John Hopkins Hospital will pay out $190 million to thousands of women who claimed one of the facility’s gynecologists secretly recorded film and took photos of them in compromising positions.
Approximately 8,000 women and girls were part of the class-action lawsuit, which accused Dr. Nikita Levy of inappropriately taking photos and videos of their genitals. According to the Associated Press, about 1,200 videos and 140 images were found on Levy’s computer during an investigation into the incident.
Levy, who worked at Baltimore, Maryland’s John Hopkins facility for 25 years, committed suicide less than two weeks after being fired. He reportedly used a pen-like camera hanging from his neck to capture images and video of his patients.
The suit also claimed that John Hopkins should have known about Levy’s activity, but the hospital’s lawyer, Donald DeVries, dismissed that allegation and added that such blame was misplaced.
"Just because he was an employee doesn't make Johns Hopkins responsible for what he did,'' he stated, as quoted by USA Today. He said the hospital had no idea about Levy’s behavior.
Although officials say there’s no evidence to suggest that Levy conspired with another person or that he shared the images or videos, insight into his motivations remains ambiguous at best considering his suicide.
Attorneys for the plaintiffs, meanwhile, said their clients were traumatized by the news.
"All of these women were brutalized by this," lead attorney Jonathan Schochor told the AP. "Some of these women needed counseling, they were sleepless, they were dysfunctional in the workplace, they were dysfunctional at home, they were dysfunctional with their mates. This breach of trust, this betrayal — this is how they felt."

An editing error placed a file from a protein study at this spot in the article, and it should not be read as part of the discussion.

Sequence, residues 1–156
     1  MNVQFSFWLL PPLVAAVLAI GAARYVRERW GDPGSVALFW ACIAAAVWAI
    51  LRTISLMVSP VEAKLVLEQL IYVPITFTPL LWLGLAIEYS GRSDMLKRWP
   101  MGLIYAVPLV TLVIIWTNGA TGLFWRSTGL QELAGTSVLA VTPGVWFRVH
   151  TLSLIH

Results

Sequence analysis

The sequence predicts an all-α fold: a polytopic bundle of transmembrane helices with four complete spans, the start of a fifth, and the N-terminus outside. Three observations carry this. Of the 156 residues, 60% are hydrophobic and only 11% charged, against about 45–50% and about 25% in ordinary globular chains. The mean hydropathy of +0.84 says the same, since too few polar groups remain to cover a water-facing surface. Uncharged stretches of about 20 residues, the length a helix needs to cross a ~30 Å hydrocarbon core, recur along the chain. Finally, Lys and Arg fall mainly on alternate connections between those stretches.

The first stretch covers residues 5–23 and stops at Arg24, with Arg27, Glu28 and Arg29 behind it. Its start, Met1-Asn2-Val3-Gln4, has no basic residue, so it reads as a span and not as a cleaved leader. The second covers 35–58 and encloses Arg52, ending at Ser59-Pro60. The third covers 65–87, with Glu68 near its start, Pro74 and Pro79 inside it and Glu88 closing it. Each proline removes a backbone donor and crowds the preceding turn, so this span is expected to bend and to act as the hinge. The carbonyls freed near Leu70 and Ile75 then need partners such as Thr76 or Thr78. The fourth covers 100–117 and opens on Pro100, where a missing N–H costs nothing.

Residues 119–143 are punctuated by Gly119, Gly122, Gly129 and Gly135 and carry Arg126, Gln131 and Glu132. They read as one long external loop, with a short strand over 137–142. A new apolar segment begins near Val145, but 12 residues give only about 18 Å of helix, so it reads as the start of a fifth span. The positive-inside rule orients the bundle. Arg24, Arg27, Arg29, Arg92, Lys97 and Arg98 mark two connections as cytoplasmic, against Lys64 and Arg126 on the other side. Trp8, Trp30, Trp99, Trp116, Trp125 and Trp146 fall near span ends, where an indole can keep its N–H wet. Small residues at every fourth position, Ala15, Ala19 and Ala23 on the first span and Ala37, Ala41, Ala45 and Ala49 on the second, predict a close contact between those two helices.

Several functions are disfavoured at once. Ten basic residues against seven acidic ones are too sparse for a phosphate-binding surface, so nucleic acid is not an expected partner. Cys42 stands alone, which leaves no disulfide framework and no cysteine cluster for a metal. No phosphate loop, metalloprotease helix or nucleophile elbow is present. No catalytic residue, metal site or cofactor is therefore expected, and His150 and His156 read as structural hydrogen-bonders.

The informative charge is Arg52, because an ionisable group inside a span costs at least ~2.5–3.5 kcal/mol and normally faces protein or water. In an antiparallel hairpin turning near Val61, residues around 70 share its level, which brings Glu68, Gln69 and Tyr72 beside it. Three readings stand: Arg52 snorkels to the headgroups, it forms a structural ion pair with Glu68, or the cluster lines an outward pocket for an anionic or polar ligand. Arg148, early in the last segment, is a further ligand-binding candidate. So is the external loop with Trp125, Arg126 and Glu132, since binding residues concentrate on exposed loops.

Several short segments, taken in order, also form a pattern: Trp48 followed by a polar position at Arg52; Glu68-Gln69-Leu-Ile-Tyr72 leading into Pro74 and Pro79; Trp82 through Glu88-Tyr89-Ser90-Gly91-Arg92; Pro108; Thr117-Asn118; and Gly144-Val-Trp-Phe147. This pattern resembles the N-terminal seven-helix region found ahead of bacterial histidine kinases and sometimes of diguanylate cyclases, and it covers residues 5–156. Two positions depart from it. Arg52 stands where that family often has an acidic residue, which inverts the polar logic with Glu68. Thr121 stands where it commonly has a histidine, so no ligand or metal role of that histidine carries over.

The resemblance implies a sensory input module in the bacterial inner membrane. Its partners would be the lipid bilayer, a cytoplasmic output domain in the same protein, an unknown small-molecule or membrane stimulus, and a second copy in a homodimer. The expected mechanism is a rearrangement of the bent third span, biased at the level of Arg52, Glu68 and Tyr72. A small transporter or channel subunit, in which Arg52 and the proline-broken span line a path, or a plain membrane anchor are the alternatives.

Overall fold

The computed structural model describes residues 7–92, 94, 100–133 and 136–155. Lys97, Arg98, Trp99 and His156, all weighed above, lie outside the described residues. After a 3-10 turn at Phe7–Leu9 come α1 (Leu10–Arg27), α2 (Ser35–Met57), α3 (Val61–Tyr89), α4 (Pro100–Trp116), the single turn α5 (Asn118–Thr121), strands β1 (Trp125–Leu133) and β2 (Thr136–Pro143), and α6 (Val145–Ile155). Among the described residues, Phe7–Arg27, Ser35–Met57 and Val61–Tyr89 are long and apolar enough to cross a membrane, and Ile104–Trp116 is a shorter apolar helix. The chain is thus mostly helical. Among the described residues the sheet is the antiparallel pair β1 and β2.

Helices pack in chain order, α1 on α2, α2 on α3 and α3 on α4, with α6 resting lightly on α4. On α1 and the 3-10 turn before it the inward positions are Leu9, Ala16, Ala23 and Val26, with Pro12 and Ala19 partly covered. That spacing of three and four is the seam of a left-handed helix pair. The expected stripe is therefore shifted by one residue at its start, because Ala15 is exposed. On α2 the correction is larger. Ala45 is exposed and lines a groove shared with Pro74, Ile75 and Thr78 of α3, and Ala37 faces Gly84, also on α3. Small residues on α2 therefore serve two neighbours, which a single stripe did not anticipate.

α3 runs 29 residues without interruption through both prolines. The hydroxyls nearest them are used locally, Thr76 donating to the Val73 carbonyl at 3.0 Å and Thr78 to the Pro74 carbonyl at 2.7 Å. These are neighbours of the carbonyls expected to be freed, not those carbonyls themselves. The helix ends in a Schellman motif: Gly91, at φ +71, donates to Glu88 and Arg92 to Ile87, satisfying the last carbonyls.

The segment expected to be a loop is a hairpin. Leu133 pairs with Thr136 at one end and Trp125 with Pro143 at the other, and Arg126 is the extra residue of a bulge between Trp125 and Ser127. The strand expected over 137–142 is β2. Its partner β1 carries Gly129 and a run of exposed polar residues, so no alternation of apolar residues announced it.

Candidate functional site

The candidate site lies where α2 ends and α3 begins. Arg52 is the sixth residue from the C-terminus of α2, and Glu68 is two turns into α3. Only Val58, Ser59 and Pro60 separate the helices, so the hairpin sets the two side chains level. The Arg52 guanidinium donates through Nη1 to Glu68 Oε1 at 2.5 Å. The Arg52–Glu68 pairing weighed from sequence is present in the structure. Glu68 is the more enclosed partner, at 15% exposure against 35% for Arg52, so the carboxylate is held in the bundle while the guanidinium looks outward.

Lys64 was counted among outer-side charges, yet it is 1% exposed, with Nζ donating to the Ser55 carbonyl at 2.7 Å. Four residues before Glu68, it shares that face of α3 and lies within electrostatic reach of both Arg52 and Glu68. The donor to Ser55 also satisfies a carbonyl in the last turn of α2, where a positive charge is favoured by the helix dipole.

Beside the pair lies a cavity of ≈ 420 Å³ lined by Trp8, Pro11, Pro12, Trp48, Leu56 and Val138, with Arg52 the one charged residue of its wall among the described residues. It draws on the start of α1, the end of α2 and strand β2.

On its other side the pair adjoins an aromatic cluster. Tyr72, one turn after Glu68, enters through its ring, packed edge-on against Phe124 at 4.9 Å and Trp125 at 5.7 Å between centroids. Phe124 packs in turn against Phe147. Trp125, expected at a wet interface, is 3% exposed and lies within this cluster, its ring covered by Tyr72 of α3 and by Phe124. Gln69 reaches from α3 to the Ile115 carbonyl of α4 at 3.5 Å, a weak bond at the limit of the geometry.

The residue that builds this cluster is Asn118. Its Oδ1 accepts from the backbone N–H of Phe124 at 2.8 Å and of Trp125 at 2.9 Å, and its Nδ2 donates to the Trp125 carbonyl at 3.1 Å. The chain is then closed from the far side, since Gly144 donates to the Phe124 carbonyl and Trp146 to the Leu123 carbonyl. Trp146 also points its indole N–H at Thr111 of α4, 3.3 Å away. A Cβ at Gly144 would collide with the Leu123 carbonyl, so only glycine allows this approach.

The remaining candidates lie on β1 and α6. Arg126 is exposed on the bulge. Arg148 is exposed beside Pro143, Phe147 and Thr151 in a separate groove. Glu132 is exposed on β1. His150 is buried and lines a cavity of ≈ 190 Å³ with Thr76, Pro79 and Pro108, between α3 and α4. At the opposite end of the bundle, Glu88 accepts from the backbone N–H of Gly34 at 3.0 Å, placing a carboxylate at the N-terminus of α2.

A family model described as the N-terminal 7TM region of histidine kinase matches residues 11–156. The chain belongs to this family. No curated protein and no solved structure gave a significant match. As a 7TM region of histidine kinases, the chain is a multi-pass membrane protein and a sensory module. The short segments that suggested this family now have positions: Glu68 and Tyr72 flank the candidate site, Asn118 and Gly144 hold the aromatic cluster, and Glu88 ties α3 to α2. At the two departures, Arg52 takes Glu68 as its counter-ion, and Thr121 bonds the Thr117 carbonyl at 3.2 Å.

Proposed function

Looking back on their visits with Levy, some of his patients described being touched inappropriately and verbally abused, with others saying they were routinely called into the office for unnecessary checkups. At least one patient said they had not been to a gynecologist since the news broke in February 2013.
"I can't bring myself to go back," said 67-year-old Myra James, a former Levy patient of 20 years. "You're lying there, exposed. It's violating and it's horrible, and my trust is gone. Period."
As noted by the Los Angeles Times, even determining which patients were photographed by Levy is virtually impossible, since the vast majority of the images depict no faces, only genitals.
“What is the normal expected reaction of a patient of an OB-GYN who finds out that her doctor, who she intimately trusts … secretly videotaped and took photographs of his patients?” Schochor said. “Is it appropriate for that patient to believe she was included? It is.”
“Now, with this proposed settlement, we can begin the process of healing our community."